30 Sep 2014

Charter schools not my call - Seymour

10:42 am on 30 September 2014

ACT Party's sole MP David Seymour says it won't be up to him whether the party's policy on charter schools will go ahead. He says that decision is up to the Minister of Education.

Mr Seymour has been appointed Under Secretary to the Minster of Education and Minister of Regulatory Reform.

Act MP David Seymour

Act MP David Seymour Photo: RNZ / Diego Opatowski

He said he wants to progress charter schools further by offering the model to all schools in New Zealand, but even though he is now the Under Secretary to the Minster of Education, it is not his decision if ACT's plan goes ahead.

Mr Seymour said he will, however, be pushing for the policy to be adopted.

The Post Primary Teachers Association, meanwhile, has said ACT has a disproportionate amount of power over New Zealand's education system.

President Angela Roberts said Mr Seymour wants to make the charter schools model available to every school which is ridiculous considering the ACT party received just 0.7 percent of the vote.

Earlier Prime Minister John Key and Mr Seymour were at odds over whether Mr Seymour requested a ministerial role during their negotiations.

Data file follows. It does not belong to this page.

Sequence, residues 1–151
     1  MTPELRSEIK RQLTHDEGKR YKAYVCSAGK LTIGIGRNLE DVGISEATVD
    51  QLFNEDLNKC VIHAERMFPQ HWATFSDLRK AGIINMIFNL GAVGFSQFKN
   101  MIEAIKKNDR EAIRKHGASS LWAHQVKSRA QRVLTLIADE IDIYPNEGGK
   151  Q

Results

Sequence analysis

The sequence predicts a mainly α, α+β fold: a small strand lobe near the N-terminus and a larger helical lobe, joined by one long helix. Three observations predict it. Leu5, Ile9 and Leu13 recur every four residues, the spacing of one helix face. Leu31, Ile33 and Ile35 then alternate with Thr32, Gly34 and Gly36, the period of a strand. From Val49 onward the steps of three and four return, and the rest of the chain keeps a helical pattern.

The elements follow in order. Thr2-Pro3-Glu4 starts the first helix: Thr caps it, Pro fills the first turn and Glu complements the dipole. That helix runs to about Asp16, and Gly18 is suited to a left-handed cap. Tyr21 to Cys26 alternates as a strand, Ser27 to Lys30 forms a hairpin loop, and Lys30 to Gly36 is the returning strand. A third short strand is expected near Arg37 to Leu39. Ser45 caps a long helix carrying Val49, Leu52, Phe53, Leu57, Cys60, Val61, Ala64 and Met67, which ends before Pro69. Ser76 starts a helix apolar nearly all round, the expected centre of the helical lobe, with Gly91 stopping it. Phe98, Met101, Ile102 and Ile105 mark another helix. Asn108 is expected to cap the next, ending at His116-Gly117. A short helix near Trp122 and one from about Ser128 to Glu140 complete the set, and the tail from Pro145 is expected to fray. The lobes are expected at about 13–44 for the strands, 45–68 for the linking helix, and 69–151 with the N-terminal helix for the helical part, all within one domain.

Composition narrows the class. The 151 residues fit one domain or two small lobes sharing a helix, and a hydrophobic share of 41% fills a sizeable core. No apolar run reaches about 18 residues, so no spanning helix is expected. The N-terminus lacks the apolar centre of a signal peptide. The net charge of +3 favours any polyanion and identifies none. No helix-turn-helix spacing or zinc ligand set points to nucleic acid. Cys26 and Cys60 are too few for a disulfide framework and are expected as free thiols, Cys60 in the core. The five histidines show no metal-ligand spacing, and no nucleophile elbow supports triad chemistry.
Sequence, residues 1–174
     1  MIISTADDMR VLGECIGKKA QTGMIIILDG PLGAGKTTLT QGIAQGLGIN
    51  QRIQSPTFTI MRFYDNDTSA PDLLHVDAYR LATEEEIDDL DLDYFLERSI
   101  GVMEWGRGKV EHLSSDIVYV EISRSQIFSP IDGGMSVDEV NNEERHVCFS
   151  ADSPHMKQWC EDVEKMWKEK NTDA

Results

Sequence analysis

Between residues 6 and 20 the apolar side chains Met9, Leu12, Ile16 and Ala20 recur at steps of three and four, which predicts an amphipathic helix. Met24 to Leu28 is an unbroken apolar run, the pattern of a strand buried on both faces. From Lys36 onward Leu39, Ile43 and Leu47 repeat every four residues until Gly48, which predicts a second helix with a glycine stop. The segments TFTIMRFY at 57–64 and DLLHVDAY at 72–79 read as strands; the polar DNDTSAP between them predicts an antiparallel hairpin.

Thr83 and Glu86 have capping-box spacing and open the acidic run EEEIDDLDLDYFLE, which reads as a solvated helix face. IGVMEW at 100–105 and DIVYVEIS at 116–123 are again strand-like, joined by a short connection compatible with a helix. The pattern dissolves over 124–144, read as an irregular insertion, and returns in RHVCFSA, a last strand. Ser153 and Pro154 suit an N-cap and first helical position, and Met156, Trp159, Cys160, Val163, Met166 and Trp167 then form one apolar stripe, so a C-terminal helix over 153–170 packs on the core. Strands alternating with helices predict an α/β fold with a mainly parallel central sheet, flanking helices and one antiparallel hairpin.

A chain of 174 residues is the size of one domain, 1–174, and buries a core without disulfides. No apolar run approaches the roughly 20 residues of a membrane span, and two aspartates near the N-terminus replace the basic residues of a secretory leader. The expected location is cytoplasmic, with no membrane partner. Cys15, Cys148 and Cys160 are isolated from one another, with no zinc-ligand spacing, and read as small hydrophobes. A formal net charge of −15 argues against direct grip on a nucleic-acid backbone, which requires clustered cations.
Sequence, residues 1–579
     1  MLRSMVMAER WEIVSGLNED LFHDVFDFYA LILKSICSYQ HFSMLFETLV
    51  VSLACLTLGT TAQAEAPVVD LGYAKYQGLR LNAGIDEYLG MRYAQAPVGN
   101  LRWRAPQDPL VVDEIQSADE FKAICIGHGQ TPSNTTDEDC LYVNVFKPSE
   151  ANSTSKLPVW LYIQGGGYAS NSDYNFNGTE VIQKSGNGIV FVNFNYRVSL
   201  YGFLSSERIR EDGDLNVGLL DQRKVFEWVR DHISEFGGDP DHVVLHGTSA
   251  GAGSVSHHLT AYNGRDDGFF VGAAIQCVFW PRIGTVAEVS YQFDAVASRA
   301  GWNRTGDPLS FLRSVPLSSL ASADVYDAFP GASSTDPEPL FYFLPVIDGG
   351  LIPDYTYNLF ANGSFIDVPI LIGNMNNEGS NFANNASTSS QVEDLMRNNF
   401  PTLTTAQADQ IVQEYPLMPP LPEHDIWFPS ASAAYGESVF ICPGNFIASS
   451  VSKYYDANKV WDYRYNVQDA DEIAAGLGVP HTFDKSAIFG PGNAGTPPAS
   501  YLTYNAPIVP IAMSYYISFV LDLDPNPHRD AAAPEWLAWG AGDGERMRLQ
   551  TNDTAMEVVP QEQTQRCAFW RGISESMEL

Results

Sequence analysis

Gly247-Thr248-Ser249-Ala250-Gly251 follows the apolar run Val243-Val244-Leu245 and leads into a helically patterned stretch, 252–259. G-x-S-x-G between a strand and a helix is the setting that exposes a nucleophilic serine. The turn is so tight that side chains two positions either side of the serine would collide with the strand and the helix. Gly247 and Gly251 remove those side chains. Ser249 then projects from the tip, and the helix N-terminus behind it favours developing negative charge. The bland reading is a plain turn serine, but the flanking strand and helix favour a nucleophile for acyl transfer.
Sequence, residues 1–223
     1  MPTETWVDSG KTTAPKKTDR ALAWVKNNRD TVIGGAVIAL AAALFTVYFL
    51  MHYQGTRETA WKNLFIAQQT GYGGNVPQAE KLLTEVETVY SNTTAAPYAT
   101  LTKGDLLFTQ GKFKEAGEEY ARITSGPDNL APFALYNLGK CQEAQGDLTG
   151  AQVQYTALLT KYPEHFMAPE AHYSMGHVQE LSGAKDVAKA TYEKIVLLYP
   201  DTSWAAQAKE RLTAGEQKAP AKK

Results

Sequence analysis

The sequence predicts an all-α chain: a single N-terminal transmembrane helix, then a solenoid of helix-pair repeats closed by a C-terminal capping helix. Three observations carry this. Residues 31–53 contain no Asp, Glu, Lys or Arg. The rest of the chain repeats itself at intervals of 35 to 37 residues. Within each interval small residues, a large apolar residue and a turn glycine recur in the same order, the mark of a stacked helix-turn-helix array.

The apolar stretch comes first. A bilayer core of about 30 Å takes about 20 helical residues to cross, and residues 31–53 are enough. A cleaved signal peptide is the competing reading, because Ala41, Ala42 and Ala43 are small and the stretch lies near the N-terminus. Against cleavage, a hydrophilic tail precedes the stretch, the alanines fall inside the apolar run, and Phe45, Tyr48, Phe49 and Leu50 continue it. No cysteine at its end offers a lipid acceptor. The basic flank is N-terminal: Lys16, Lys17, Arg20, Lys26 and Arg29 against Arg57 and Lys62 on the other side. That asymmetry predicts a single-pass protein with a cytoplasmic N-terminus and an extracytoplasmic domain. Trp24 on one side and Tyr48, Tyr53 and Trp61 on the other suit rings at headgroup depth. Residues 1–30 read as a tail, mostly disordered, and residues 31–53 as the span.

The two finalised a confidence and supply agreement yesterday making Mr Seymour a parliamentary under-secretary for two ministers. The position is more junior than either a minister or associate minister.

Mr Key said at the announcement that Mr Seymour did not ask for a ministerial posting. But just hours later, Mr Seymour told Checkpoint that he did ask.

Deal will not sway Dunne on RMA

United Future leader Peter Dunne, who will be appointed a minister outside cabinet in exchange for his party's support on confidence and supply, said his deal with the National government will not sway his opposition to proposed changes to the Resource Management Act.

National wants to overhaul the RMA, but failed to get the necessary backing last term from either Mr Dunne or the Maori Party .

National no longer needs their support to push ahead with the changes, but Mr Key said he is still keen to win them over.

Mr Dunne said he objects to changes to the act's core principles, will wait to see the final proposal but, as it stands, he can not vote for it.